“If in the future we can limit consumption to only where it’s really needed, that would be a huge success. If it’s needed in bypass surgery after a heart attack that’s certainly a different case than in products where it’s an unnecessary component,” he says.
PFCs are widely used in medical care, as components in cancer medicine and knee prosthetics, and have few alternatives. This area will most likely be an exception from legislation for the same reason. But there are other sectors aside from the outdoor industry that are affected. Transport, electronics, packaging, pesticides, and many more will be impacted by this legislation.
“We did the bulk of our work a decade ago, so we don’t need to invest as much time now. This has been with us over the years, and we have learned a lot,” says Bode.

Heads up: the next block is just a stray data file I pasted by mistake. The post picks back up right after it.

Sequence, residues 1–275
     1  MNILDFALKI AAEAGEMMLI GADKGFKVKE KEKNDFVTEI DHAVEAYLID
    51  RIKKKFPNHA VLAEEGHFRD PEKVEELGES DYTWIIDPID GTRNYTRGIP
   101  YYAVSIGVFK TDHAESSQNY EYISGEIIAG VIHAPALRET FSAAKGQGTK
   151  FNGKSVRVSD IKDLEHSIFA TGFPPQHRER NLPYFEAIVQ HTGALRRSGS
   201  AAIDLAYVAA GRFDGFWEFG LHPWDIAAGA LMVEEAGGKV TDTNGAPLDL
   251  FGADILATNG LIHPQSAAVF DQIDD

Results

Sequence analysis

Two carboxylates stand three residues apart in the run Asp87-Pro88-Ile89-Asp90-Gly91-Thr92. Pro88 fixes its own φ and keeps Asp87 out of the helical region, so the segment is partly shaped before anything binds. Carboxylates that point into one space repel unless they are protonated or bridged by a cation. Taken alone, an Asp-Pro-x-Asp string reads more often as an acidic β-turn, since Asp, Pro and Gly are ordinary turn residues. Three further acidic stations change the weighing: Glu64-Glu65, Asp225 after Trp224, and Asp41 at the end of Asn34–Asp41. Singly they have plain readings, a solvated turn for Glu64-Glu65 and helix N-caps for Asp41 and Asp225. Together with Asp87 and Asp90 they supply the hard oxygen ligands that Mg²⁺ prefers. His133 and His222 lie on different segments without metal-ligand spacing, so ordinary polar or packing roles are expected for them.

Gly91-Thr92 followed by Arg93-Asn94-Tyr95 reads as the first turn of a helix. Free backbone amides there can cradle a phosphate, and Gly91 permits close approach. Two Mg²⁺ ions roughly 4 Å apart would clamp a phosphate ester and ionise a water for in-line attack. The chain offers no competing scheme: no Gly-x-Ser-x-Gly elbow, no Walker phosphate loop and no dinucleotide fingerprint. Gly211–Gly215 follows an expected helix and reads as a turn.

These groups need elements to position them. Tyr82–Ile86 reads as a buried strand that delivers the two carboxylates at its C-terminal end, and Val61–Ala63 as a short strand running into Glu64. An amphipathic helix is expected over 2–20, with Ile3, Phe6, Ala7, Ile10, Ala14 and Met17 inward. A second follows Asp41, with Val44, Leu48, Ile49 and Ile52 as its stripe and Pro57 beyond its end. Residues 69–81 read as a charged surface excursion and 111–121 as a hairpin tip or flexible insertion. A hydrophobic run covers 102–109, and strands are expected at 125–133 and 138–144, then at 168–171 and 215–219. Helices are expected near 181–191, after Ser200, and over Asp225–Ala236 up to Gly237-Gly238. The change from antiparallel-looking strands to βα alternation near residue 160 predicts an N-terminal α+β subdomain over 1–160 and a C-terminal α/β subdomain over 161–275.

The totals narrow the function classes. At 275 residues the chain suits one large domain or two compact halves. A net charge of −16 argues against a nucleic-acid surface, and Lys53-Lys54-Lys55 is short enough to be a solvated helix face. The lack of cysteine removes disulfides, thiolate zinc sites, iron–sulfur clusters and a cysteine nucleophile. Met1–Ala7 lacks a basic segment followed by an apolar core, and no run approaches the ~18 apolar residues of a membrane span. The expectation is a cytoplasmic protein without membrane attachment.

Donna Bruns believes that Fjällräven has had a big impact on suppliers and helped them make the shift, thanks to the early measures taken against PFCs.
“We made it possible for non-PFC waterproofing treatment to reach the Japanese market, for example, by helping our local suppliers with imports since it was brand new for them.” Thinking of how the industry has evolved since, it’s clear we’ve come a long way, but still have work to do. “In the past, a brand could sit back and just produce efficient products. That’s not enough today. You need to be a chemist, an engineer, and a creative director at once. The company needs many more skills than previously,” says Bruns.
The battle against PFCs continues
So, will we ever be able to claim that Fjällräven has completely eliminated PFCs? It’s all in the details. What’s still to be worked on is the issue with the zippers. It turns out that the PFCs are hard to eliminate from the colour used in production.
“We can say that as far as we know, our products are produced without PFCs today. We have reliable documentation from our producers and suppliers, but we still do our own testing,” says Bruns.